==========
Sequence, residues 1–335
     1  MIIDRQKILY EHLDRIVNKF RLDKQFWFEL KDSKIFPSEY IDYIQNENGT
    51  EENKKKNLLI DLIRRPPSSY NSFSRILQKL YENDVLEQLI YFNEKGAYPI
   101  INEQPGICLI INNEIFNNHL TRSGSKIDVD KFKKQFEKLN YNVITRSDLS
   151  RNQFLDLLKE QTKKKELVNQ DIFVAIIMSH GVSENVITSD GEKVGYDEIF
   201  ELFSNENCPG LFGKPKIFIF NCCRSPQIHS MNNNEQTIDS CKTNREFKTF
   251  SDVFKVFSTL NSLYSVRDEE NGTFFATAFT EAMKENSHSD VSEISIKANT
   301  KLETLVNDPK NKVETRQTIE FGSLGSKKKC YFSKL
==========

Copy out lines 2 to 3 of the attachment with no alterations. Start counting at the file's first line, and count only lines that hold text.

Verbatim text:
     1  MIIDRQKILY EHLDRIVNKF RLDKQFWFEL KDSKIFPSEY IDYIQNENGT
    51  EENKKKNLLI DLIRRPPSSY NSFSRILQKL YENDVLEQLI YFNEKGAYPI